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Faerie Queene Links

fqSince The Faerie Queene is one of my favorite pieces of literature, and because I have been blogging about it recently, I thought I would share with you some links to various sources that you can use to read the work.

Here is The Faerie Queene in its entirety, as Spenser wrote it.  This is what I have been reading, since I have it in book form.  The spelling looks daunting at first, but you get used to it after a while.  In that time V and U were the same letter; V being used as a capital letter and at the beginning of words, and U elsewhere, in a Latinate fashion.  Also this was apparently before the invention of the letter J, so if you come across the word ioy you’ll know what it’s talking about.

Fierce Wars and Faithful Loves is a great way to begin reading Spenser.  This was my first introduction to The Faerie Queene, which I read for homeschool as part of a certain curriculum that my mother uses.  Roy Maynard took the first book (The Legend of the Knight of the Red Cross) and updated the spelling, annotated the text, and added helpful explanations and questions to test if you are understanding the text.  I highly recommend it, and even though it covers only the first part, it can give you the confidence to keep reading the rest.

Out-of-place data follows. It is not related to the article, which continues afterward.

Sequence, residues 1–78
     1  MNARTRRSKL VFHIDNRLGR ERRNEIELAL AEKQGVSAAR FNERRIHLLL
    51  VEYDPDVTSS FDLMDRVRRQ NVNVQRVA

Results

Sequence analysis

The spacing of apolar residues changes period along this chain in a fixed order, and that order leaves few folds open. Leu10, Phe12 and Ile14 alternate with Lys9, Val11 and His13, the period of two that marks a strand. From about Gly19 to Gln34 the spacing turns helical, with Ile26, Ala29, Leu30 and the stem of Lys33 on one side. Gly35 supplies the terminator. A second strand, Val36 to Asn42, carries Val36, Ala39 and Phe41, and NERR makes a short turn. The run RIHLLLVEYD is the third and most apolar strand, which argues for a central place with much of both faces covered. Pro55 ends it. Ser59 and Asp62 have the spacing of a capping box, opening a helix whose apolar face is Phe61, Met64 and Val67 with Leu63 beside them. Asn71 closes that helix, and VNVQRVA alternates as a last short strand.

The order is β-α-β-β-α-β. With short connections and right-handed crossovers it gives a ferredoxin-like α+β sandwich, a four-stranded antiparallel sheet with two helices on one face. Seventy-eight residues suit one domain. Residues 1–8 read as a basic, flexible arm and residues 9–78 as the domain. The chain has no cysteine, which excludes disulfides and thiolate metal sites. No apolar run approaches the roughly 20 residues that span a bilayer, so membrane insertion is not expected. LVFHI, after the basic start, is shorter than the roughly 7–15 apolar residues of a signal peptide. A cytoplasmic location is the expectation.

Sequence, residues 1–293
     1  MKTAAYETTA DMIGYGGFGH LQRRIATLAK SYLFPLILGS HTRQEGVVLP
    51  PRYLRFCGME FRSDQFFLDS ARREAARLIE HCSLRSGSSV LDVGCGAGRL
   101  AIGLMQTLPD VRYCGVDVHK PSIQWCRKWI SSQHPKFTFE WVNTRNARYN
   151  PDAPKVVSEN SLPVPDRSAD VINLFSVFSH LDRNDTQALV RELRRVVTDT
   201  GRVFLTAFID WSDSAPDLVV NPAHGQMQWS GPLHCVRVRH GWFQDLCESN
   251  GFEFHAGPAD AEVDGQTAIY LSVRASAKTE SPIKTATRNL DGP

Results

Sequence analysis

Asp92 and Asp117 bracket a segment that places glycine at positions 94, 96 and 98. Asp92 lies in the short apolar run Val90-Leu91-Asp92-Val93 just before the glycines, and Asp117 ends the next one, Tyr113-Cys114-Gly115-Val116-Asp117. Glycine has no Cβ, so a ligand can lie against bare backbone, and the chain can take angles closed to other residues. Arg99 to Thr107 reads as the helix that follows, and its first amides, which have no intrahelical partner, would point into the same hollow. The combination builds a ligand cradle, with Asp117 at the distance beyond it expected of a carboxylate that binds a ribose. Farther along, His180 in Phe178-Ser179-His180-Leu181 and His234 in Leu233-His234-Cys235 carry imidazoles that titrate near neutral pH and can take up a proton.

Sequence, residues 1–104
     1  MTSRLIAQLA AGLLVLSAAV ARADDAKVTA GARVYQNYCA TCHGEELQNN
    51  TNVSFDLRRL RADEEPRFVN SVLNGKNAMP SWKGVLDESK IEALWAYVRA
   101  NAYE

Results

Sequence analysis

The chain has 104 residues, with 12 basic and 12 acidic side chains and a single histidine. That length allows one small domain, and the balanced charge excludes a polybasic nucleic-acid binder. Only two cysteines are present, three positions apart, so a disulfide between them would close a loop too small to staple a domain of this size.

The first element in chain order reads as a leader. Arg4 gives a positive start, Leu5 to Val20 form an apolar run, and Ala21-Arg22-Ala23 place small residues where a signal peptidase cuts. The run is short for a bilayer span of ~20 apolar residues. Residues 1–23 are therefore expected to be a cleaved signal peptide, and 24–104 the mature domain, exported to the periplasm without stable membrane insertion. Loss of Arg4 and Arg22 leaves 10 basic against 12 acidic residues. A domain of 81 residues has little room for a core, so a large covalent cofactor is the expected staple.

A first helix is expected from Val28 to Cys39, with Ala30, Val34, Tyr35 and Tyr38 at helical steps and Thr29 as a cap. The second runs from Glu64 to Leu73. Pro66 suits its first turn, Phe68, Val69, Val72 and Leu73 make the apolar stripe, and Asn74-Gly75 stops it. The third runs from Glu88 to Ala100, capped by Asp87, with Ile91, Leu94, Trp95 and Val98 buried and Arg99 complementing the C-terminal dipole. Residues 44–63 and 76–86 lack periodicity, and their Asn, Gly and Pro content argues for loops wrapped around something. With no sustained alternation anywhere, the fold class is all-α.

Spenser’s works, with updated spelling – As far as I know, this version has not been published in print form, but you may read it online if you would rather have the updated spelling for the rest of The Faerie Queene after Fierce Wars and Faithful Loves.  The index is a bit confusing; for Canto I of each book, click on the link to the title page of the desired book (e.g. “The Second Booke of the Faerie Queene. Contayning the Legend of Sir Guyon, or of Temperance.”).

Stories from the Faerie Queene – This is a book that was first published in 1897.  It is a prose retelling of the entire poem, and is surprisingly accurate.  I wouldn’t recommend it in place of Spenser’s original work, but it may be useful to read after you’ve read a portion of The Faerie Queene to see if you actually got it or not.  But by no means should you read this instead of or before the real thing—it’s very watered down!

And finally, a disclaimer:  It would be well to note that The Faerie Queene is not a fairy tale, and does contain a few passages that are less than decent (the prose retelling leaves these out, as far as I can tell).  However, when read with a bit of discretion it is a magnificent piece of literature, and well-worth the reading.

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